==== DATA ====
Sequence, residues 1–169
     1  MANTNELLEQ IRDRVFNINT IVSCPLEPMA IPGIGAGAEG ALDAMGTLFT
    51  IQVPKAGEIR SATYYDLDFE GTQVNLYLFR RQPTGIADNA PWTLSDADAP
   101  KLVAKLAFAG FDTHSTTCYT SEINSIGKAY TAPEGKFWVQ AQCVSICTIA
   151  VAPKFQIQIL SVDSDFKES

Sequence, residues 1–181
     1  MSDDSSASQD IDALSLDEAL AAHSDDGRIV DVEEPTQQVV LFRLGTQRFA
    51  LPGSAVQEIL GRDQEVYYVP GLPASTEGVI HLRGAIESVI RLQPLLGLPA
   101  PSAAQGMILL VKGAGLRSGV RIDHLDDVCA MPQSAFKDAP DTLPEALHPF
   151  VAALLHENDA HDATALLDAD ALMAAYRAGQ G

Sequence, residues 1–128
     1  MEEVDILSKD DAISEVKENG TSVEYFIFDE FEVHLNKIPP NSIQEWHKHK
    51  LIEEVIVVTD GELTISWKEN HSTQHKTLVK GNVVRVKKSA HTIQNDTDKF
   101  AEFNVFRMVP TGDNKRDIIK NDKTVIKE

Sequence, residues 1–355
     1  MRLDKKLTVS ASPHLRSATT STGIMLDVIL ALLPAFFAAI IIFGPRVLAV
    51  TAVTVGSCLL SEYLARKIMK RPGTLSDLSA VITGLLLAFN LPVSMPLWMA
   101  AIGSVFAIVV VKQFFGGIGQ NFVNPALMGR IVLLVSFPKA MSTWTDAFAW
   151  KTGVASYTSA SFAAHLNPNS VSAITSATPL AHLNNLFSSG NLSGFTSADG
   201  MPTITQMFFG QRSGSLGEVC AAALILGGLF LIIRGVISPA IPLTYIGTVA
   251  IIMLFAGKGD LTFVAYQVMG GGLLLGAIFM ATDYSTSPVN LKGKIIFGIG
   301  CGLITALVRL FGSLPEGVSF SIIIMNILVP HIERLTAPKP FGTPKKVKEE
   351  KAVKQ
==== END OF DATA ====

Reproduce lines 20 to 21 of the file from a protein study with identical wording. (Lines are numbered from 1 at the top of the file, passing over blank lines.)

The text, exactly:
   201  MPTITQMFFG QRSGSLGEVC AAALILGGLF LIIRGVISPA IPLTYIGTVA
   251  IIMLFAGKGD LTFVAYQVMG GGLLLGAIFM ATDYSTSPVN LKGKIIFGIG